Marx and Engels on the Scottish highlands

Neil Davidson

    Research output: Contribution to journalArticle

    4 Citations (Scopus)

    Abstract

    Marx's and Engels' writings on the Scottish Highlands are of interest both in their own right and as an index of their changing positions on progress in societies faced with capitalist development. Marx and Engels tend to be either blamed for an economic determinism which retrospectively makes them complicit in the Clearances, or praised for adopting a political voluntarism in which Highland clan society could have been the basis for the transition to socialism. Neither interpretation accurately reflects their actual position and both draw a false distinction between Marx and Engels. In fact, discrepancies between the two men only occur because they were dealing with different epochs in Highland history, between which class relations had fundamentally changed. Although their writings on the Highlands are marred by empirical errors concerning the nature of clan society and (initially) by use of the flawed category of ?non-historic peoples,? overall they display powerful understanding of the contradictory impact of bourgeois society on the last precapitalist region of Britain.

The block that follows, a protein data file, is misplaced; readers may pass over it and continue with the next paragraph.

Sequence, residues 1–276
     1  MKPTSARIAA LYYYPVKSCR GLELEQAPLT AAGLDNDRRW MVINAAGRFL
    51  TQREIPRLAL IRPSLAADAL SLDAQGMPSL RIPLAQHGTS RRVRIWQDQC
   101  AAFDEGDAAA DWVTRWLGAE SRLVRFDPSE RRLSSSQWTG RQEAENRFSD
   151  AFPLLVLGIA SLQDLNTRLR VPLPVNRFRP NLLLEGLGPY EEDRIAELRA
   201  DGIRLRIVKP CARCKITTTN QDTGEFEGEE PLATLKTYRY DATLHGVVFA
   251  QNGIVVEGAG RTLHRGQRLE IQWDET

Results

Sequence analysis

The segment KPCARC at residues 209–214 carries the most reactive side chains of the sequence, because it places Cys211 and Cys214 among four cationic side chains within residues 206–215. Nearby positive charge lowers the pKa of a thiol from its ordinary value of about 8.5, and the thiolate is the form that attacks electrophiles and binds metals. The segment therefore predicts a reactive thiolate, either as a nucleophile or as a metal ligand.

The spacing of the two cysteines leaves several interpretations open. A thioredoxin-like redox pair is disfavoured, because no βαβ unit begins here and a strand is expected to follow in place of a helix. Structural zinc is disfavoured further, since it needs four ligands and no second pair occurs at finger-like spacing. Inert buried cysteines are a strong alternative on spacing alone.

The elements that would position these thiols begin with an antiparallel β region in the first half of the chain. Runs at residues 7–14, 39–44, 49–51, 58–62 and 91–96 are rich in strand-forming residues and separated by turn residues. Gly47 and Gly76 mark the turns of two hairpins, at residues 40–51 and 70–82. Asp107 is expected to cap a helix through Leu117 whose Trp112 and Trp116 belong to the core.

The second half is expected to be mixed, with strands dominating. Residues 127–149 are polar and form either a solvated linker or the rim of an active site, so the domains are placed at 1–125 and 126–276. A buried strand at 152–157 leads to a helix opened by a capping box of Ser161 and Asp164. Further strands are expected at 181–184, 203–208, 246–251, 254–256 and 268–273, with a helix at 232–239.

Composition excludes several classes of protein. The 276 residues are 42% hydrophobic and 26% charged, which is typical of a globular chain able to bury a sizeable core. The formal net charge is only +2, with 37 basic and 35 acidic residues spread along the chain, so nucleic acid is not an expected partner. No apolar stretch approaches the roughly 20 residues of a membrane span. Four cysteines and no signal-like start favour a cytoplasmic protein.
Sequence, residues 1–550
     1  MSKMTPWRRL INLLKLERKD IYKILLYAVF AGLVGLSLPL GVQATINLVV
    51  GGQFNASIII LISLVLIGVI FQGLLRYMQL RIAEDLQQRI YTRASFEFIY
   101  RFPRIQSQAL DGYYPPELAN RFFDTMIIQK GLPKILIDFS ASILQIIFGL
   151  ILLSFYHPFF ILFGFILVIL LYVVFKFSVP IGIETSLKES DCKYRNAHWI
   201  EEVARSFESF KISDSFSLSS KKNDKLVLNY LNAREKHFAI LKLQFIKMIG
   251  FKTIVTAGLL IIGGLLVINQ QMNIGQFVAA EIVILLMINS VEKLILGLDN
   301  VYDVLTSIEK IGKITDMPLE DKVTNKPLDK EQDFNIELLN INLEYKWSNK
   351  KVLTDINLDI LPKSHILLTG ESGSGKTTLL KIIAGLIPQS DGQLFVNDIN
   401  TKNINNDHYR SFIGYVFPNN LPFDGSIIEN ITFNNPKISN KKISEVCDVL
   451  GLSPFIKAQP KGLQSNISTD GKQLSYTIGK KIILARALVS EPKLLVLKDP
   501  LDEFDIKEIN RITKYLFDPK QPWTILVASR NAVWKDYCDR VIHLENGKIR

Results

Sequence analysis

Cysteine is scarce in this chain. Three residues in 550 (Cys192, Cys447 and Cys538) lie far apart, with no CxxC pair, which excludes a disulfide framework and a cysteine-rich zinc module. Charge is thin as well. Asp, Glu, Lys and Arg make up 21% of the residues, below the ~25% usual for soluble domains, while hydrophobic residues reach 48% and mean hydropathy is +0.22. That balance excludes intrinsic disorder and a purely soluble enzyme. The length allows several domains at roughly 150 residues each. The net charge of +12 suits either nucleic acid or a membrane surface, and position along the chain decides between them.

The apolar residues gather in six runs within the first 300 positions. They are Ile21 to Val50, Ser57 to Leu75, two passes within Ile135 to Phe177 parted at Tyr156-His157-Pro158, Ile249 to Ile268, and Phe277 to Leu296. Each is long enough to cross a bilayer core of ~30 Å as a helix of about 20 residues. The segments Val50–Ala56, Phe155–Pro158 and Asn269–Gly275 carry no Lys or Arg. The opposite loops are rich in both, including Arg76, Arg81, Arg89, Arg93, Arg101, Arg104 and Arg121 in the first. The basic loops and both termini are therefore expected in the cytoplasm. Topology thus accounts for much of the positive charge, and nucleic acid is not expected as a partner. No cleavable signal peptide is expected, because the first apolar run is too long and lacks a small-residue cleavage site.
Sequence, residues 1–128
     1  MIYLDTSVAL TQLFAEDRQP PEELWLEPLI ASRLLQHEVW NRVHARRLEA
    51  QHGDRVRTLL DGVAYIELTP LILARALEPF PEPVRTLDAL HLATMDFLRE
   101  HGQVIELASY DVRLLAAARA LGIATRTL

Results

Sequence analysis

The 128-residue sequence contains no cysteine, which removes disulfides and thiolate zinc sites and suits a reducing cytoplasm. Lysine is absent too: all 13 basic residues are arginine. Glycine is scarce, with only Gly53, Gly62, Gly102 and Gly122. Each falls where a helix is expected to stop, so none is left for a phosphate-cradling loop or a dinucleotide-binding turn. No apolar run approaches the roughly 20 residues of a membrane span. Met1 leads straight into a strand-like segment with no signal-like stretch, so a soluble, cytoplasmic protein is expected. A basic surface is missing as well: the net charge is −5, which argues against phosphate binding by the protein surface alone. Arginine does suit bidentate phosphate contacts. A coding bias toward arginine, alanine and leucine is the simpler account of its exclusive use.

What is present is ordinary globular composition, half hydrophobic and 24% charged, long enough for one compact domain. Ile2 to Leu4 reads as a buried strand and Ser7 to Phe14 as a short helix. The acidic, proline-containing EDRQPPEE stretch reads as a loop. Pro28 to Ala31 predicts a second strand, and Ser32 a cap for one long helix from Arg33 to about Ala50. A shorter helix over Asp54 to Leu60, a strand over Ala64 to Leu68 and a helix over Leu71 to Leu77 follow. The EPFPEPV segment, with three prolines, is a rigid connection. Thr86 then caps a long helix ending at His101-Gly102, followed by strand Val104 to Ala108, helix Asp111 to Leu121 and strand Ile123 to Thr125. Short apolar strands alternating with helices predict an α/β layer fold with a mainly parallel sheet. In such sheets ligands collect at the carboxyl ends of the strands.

LanguageEnglish
    Pages286-326
    Number of pages40
    JournalScience and Society
    Volume65
    Issue number3
    DOIs
    Publication statusPublished - 2001

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    bourgeois society
    voluntarism
    determinism
    socialism
    interpretation
    history
    society
    economics
    Society

    Keywords

    • marx
    • engels
    • scottish highlands
    • capitalism
    • marxism
    • politics

    Cite this

    Davidson, Neil. / Marx and Engels on the Scottish highlands. In: Science and Society. 2001 ; Vol. 65, No. 3. pp. 286-326.
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    Marx and Engels on the Scottish highlands. / Davidson, Neil.

    In: Science and Society, Vol. 65, No. 3, 2001, p. 286-326.

    Research output: Contribution to journalArticle

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